You saw my daughter today when we were out at Costco. I was just by the meat counter when I noticed you, noticing her.
A few steps further, I picked up a container of blueberries, my daughter’s favorite, and noticed you, noticing her.
A few steps further and you were right beside us, staring down at the little legs sticking out from underneath the lilac tutu dress, and she noticed you, noticing her.
I admit my tone wasn’t kind when I told you that there is nothing wrong with her as I quickly walked away. I didn’t even glance back as you called out, “what is wrong with her?” on top of my preemptive response.
I choked back tears and moved on to the paper goods aisle and pretended like the brief encounter didn’t bother me.
But it did.
I wish I could have calmly told you that she has Epidermolysis bullosa; that something IS wrong with her, but not in a way that affects you at all.
I wish I could have let you know about ways to learn more, ways to help; these things actually COULD affect you as there is no way to see and not want to help.
I know it looks bad to you, I know it looks like maybe I don’t take very good care of my child. Your thoughts might be compounded by the fact that it’s obvious she didn’t join the family in the same way the other three children, her siblings, did.
She has EB, and we can’t hide it. She actually looks REALLY good right now; a few weeks ago her legs were completely wrapped in specialized bandages because regular bandaid type products tear her skin when they are removed. The slightest touch sent the top layers of her skin sliding off of the base layer, and there was nothing I could do to stop it. Right now, her skin is holding together in a way that I have never seen before, and it makes my heart skip a beat to think this season of her life might be less painful than the previous season.
While you are curious, I am frustrated. I don’t understand what makes some time periods better than others for her. I wish I knew the magic formula to keep her skin looking as good as it does now, but then I’m reminded that even when she looks good in my eyes, in the eyes of the world there is something wrong.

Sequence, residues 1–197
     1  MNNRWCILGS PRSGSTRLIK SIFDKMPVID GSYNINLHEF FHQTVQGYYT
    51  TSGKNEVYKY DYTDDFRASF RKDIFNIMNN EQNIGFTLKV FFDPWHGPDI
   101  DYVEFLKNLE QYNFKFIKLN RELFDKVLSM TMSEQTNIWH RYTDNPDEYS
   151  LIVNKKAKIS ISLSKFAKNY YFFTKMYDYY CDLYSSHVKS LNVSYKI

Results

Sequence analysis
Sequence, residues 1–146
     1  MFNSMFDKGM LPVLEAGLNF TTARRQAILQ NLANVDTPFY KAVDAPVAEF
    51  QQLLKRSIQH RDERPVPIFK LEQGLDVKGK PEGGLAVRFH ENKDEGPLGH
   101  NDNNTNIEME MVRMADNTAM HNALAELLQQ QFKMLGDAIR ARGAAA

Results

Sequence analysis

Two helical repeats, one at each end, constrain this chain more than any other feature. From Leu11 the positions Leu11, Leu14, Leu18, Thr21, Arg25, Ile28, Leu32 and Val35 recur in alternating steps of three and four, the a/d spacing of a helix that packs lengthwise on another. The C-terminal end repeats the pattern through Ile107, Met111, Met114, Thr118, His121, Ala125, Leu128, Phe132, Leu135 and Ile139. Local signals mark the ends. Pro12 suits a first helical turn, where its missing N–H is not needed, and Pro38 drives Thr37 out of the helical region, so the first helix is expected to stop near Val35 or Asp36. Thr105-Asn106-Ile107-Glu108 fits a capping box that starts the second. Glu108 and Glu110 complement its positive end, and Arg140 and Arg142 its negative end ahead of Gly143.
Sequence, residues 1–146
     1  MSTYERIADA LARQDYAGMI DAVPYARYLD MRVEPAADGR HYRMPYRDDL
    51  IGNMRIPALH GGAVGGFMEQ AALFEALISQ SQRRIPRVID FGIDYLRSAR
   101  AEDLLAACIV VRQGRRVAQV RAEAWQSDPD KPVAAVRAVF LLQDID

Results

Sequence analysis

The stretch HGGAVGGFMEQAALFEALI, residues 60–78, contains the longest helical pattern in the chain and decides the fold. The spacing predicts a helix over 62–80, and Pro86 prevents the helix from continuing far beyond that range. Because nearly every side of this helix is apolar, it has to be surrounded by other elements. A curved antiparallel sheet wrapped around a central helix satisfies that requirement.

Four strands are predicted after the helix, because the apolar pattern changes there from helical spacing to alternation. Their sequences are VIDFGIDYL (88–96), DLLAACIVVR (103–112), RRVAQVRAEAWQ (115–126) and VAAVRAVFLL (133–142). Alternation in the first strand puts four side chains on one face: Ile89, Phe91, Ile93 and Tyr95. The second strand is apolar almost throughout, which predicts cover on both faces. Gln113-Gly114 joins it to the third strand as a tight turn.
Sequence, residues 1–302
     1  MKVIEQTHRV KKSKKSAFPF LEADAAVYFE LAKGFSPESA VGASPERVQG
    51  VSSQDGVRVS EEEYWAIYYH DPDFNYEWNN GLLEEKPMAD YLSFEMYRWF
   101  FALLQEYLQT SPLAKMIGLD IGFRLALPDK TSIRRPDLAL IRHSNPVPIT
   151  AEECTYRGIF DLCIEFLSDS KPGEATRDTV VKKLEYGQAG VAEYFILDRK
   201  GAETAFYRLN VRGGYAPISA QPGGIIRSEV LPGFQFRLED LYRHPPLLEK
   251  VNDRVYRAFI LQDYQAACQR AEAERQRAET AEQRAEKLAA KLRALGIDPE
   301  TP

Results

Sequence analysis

Did you notice her dark almond eyes staring at you as you stared at her? She knows what you were doing. She has seen it before. She knows that to wear the dress she loves means to expose her legs and she doesn’t care, because we don’t care. She loves twirling and spinning in that dress, it makes her feel beautiful… something your words didn’t do. I know one day she may reach an age where the discomfort of strangers making comments like yours may be too much for her, and she will choose to hide her body from the world. But until then, I will let her wear the things she loves and be her shield from the arrows of unkindness that will be shot at her.
She is more than just lovely on the outside, you know. Her light shines so brightly from the inside out, a miraculous light that has not been dimmed by circumstances in her short life that are more than any person should have to deal with.
Dear fellow human… next time you are out and see a child who has something going on that is clearly not “normal”, try to not be so normal.
Normal means to stare, point, whisper.
Instead, be abnormal.
Wave and point out that the purple clip in her hair matches the purple dress she is wearing.
Tell her she has a smile that lights up a room.
Tell her her mommy is so blessed to have such a beautiful daughter, because I am.
She is a gift, this little girl is… a perfect gift… and there is nothing wrong with her.
For more information about Epidermolysis bullosa and ways you can help families with EB, check out www.debra.org.